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A blatant ripoff designed to cash in on a hot craze still managed to carve its own long-lasting legacy

Even blatant imitators can go on to carve out a niche of their own.

Image via Sony

As far as blatantly transparent cash-grabs designed explicitly to cash in on a hot trend go, they don’t come more egregious than I Know What You Did Last Summer.

After Wes Craven’s Scream turned the entire slasher genre on its head to give the tiring format a self-aware and wonderfully fresh coat of postmodern paint, it was inevitable that a deluge of imitators would follow. Funnily enough, Ghostface creator Kevin Williamson had just the screenplay he’d already written, which was then rushed through development and into production so quickly that I Know What You Did Last Summer hit theaters less than 10 months after Craven’s instant classic.

i know what you did last summer
via Sony

Sure enough, it went on to earn $125 million at the box office on a $17 million budget in spite of reviews that were drastically below that of its obvious inspiration, but a franchise was born nonetheless. Not many rapid-fire knockoffs get to enjoy a long-lasting legacy of their own, but a recent Reddit thread has highlighted that imitation can often be the sincerest form of flattery, with the run-of-the-mill slasher proving enduringly popular among the horror subset.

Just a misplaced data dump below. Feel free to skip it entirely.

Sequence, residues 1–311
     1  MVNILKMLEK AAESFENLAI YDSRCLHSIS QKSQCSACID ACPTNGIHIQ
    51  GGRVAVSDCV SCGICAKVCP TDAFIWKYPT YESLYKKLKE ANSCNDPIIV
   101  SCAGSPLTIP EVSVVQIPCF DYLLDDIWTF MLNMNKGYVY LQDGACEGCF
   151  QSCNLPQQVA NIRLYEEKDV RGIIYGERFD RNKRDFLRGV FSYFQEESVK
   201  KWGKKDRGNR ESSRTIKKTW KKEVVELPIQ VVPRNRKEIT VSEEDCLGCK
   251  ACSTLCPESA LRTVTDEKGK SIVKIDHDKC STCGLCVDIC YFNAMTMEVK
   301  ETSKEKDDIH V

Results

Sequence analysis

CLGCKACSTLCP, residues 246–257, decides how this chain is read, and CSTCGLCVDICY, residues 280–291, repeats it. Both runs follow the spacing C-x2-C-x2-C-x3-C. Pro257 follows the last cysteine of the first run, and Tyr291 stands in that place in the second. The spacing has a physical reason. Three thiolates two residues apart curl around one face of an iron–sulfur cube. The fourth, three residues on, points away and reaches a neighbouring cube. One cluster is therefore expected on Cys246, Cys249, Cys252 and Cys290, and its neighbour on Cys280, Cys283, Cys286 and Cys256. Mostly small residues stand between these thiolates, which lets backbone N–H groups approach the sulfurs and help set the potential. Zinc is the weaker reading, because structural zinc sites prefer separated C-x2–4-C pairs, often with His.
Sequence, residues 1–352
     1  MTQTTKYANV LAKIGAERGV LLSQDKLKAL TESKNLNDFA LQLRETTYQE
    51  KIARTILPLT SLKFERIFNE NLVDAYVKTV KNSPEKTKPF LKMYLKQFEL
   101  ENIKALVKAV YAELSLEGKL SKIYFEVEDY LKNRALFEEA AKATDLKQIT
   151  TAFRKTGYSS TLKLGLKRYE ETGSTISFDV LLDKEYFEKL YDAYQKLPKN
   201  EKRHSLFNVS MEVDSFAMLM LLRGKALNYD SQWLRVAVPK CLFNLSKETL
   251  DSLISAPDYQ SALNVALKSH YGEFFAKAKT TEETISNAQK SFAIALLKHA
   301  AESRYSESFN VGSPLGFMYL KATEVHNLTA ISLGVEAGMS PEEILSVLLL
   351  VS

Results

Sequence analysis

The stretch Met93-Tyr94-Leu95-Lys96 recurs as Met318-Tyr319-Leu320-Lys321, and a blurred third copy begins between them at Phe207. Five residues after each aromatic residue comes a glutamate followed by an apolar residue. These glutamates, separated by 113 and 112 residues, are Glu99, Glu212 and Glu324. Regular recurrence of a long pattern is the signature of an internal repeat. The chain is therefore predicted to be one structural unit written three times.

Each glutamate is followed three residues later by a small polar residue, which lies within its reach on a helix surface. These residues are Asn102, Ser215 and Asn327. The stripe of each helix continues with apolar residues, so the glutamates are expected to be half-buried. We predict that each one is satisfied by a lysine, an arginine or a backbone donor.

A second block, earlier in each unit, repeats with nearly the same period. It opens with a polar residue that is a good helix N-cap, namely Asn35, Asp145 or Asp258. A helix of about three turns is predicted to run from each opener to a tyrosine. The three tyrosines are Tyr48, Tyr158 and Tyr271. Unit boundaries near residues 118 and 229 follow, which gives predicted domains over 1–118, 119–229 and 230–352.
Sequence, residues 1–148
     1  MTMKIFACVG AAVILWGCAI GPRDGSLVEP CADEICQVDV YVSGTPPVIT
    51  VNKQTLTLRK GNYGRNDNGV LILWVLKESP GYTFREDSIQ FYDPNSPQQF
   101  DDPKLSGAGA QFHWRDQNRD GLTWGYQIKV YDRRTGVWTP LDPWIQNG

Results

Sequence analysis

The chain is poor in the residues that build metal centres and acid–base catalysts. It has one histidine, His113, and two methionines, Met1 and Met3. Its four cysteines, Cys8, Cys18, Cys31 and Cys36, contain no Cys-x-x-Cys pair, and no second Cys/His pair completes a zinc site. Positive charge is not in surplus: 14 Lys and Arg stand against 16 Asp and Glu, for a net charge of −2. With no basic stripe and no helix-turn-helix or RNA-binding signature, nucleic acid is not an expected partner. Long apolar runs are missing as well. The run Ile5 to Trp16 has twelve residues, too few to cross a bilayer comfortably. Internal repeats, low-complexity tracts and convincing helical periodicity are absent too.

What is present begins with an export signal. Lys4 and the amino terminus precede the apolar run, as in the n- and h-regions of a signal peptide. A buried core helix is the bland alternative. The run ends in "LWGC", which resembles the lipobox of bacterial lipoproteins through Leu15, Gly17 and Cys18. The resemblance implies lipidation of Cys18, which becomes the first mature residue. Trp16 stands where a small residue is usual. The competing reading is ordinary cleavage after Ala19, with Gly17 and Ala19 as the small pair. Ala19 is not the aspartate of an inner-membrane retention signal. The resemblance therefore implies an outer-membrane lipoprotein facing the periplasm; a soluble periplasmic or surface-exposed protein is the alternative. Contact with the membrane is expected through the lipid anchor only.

Since then we’ve seen two sequels of fairly terrible quality and a TV series that was unceremoniously canned after a single season, but because this is a marketable horror property we’re talking about – the specter of a remake or reboot will continue to lurk in the shadows for some time to come.

Maestro of the macabre Mike Flanagan was attached to direct at one stage almost a decade ago, and as awesome as that would be, we’ve got the feeling he may have outgrown something like I Know What You Did Last Summer by now.

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Scott Campbell

News, reviews, interviews. To paraphrase Keanu Reeves; Words. Lots of words.